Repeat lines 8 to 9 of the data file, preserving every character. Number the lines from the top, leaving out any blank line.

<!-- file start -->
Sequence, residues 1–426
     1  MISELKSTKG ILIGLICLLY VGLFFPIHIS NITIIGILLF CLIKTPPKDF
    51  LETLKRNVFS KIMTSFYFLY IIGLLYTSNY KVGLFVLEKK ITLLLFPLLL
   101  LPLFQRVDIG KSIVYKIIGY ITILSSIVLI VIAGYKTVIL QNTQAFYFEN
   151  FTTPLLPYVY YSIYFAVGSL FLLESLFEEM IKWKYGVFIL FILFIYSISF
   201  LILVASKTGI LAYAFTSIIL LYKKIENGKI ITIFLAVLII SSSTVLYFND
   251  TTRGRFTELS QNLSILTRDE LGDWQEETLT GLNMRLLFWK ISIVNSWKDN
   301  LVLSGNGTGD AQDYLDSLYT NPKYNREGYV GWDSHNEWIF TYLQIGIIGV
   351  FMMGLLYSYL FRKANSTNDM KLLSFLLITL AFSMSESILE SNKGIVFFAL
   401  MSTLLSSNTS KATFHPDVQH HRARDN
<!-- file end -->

   301  LVLSGNGTGD AQDYLDSLYT NPKYNREGYV GWDSHNEWIF TYLQIGIIGV
   351  FMMGLLYSYL FRKANSTNDM KLLSFLLITL AFSMSESILE SNKGIVFFAL